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The Herbs & Supplements Most Women Need During Perimenopause

Stephanie Gray, DNP, M.S., ARNP
Author: Expert reviewer:
Updated on August 17, 2023
Stephanie Gray, DNP, M.S., ARNP
Functional Medicine Provider
By Stephanie Gray, DNP, M.S., ARNP
Functional Medicine Provider
Stephanie Gray, DNP, M.S., ARNP, ANP-C, GNP-C, ABAAHP, FAARFM, is a functional medicine provider and Amazon bestselling author of Your Longevity Blueprint. She co-owns the Integrative Health and Hormone Clinic in Hiawatha, Iowa.
Molly Knudsen, M.S., RDN
Expert review by
Molly Knudsen, M.S., RDN
Registered Dietitian Nutritionist
Molly Knudsen, M.S., RDN is a Registered Dietician Nutritionist with a bachelor’s degree in nutrition from Texas Christian University and a master’s in nutrition interventions, communication, and behavior change from Tufts University. She lives in Newport Beach, California, and enjoys connecting people to the food they eat and how it influences health and wellbeing.
August 17, 2023

There's no doubt about it: The symptoms of perimenopause are no walk in the park. But there is good news!

There's so much we can do to smooth the transition into menopause and reduce symptoms. It all has to do with restoring balance to your body and supporting healthy levels of the most important hormones.

It takes a full lifestyle approach to balance hormones, including dietary changes, exercise, and mindfulness-based stress reduction. On top of that, there are specific herbs and supplements that can help you get there.

Let's dive into what you should know about perimenopause and how herbs and supplements may help.

What is perimenopause?

Perimenopause is the transitional period from a woman's reproductive years to menopause. When it starts and how long this stage lasts varies from woman to woman.

During this time, ovarian function begins to decline, leading to fluctuating and then lower hormone levels and the accompanying symptoms.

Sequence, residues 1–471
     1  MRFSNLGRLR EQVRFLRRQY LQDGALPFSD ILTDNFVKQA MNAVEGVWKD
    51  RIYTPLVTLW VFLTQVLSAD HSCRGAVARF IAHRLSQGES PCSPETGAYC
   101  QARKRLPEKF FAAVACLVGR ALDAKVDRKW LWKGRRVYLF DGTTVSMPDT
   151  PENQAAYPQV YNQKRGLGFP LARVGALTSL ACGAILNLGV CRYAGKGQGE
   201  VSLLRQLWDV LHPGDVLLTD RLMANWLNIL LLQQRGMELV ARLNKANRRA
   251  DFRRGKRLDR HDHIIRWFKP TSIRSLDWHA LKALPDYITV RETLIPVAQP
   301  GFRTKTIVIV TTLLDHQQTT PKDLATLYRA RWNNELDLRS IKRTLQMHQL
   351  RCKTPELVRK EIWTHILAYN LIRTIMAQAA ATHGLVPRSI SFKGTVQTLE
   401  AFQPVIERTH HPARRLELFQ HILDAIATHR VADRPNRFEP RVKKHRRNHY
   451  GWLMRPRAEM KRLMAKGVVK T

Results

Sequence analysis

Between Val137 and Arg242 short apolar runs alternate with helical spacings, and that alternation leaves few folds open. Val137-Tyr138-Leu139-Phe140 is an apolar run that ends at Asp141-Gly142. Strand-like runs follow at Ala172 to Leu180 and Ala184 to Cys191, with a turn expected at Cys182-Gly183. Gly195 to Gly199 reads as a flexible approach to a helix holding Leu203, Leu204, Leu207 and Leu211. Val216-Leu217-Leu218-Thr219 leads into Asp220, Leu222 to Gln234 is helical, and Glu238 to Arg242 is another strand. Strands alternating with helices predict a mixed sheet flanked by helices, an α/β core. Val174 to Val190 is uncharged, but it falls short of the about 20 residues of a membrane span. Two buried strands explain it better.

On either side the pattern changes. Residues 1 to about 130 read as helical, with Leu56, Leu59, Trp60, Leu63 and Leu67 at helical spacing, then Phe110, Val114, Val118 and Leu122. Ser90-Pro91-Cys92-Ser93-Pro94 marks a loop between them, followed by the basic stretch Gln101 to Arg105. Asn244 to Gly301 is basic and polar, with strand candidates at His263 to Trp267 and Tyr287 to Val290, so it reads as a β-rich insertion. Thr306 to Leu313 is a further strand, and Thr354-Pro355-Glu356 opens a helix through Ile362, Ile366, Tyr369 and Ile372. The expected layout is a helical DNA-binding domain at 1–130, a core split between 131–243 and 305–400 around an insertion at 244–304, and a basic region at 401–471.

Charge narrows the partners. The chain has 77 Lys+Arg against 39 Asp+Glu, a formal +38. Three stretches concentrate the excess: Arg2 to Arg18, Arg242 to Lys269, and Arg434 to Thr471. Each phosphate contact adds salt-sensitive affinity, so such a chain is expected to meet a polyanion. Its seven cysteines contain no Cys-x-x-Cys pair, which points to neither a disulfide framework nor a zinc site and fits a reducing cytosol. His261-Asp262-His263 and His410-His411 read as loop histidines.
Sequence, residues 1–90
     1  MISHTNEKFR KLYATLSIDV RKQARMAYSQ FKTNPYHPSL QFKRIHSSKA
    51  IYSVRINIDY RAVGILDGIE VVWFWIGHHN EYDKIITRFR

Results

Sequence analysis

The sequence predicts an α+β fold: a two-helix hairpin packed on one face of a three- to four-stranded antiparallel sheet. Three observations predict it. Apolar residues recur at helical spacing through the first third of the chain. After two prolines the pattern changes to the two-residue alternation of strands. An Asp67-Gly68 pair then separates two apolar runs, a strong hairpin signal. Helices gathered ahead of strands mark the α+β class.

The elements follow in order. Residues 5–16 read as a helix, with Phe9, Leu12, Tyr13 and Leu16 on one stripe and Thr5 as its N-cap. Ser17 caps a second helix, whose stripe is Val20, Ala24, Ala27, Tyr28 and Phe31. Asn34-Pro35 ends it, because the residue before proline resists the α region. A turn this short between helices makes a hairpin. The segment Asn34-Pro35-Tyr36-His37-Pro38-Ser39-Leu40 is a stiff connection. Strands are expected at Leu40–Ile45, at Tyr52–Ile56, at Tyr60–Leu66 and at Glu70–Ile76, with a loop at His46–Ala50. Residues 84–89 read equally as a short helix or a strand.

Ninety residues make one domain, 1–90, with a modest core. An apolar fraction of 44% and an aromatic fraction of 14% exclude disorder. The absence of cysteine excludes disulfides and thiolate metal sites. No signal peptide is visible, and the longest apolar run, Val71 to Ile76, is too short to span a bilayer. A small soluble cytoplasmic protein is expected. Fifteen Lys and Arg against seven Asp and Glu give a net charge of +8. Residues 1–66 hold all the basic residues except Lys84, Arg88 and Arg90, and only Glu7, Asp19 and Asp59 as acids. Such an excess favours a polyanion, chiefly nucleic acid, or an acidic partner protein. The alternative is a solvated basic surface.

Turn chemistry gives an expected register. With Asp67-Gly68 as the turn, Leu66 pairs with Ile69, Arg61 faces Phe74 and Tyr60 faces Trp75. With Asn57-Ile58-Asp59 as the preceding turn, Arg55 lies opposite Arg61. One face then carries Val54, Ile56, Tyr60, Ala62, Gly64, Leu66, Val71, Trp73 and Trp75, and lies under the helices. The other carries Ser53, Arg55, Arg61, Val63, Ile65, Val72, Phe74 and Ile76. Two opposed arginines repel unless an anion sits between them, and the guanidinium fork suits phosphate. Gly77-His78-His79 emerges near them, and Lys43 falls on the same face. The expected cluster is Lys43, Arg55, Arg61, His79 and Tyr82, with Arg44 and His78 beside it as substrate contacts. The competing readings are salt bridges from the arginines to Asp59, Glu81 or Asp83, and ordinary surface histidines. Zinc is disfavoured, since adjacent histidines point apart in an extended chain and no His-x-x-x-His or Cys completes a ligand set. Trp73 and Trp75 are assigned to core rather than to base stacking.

Specifically, low estrogen can lead to poor memory and concentration, vaginal dryness, hot flashes, night sweats, and fertility struggles.

Low progesterone can lead to problems sleeping, anxiety, heavy cycles, and fertility struggles; and low testosterone can lead to poor motivation and drive, depression, and low libido and energy.

Supplements for perimenopause

Certain herbs and supplements have been scientifically studied and may help ease menopause-related symptoms, support outcomes impacted by menopause symptoms (like sleep), or promote healthy aging and longevity in general.



Magnesium is the most soothing, calming mineral, and it's thought that it's one of the first nutrients depleted by stress. Magnesium promotes relaxation for deep and restorative sleep.

Sleep disturbances are quite common during perimenopause—impacting 40%-60% of women. So while magnesium doesn't work by magically stopping night sweats, it may help you fall asleep faster, stay asleep longer, and wake up feeling refreshed.

Look for an amino acid chelated form like magnesium glycinate, which has superior absorption.

Stress is the body's biggest hormone hijacker, and there's no pill, potion, or powder that's going to improve your symptoms if you're chronically and severely stressed.